Oldest reptile footprints found

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Reptile footprints, believed to be the oldest ever discovered, provide evidence of the first creatures to live exclusively on land, scientists say.

The 318 million-year-old fossilised reptile footprints were found in sea-cliffs on the Bay of Fundy, New Brunswick, Canada by Dr Howard Falcon-Lang of Royal Holloway, University of London.

The discovery proves the theory that reptiles were the first to make the continental interiors their home.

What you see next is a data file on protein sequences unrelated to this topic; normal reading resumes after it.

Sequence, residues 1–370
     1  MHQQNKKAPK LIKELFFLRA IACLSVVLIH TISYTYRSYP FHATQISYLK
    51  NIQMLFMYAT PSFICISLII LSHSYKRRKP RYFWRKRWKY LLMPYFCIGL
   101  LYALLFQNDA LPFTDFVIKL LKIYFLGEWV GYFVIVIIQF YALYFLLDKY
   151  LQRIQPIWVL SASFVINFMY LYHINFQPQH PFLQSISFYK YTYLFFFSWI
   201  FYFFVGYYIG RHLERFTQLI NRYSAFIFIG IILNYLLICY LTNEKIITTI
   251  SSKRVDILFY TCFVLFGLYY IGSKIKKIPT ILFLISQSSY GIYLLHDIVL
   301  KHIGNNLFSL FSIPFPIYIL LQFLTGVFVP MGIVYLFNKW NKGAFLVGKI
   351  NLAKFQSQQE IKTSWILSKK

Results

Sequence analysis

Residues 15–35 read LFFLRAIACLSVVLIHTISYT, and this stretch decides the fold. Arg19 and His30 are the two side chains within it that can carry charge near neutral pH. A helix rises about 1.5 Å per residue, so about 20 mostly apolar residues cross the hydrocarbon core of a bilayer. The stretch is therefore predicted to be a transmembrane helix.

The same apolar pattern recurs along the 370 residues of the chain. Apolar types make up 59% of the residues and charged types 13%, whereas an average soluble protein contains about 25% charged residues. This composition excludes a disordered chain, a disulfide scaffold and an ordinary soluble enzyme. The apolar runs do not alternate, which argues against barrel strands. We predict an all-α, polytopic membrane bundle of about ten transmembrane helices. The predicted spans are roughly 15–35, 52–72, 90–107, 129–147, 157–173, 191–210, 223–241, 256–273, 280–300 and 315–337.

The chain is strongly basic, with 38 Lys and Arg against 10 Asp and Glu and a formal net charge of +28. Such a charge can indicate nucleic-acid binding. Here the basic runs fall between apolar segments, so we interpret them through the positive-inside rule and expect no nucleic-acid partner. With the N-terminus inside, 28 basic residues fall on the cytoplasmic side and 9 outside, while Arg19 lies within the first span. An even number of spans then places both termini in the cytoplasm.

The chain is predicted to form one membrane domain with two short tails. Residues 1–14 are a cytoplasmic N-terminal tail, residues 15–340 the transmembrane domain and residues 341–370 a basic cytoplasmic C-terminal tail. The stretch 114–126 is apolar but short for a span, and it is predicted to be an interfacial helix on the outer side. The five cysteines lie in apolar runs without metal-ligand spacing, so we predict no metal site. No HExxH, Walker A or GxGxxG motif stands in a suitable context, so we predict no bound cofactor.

This is because reptiles do not need to return to water to breed unlike their amphibian cousins.

The rocks in which they occur show that the reptiles lived on dry river plains hundreds of miles from the sea.

These pioneers then paved the way for the diverse ecosystems that exist on land today, the study showed.

The study, undertaken with Professor Mike Benton of the University of Bristol and Canadian colleagues, was published in journal Palaeogeography, Palaeoclimatology, Palaeoecology.

Professor Benton said: ''The footprints date from the Carboniferous Period when a single supercontinent (Pangaea) dominated the world....

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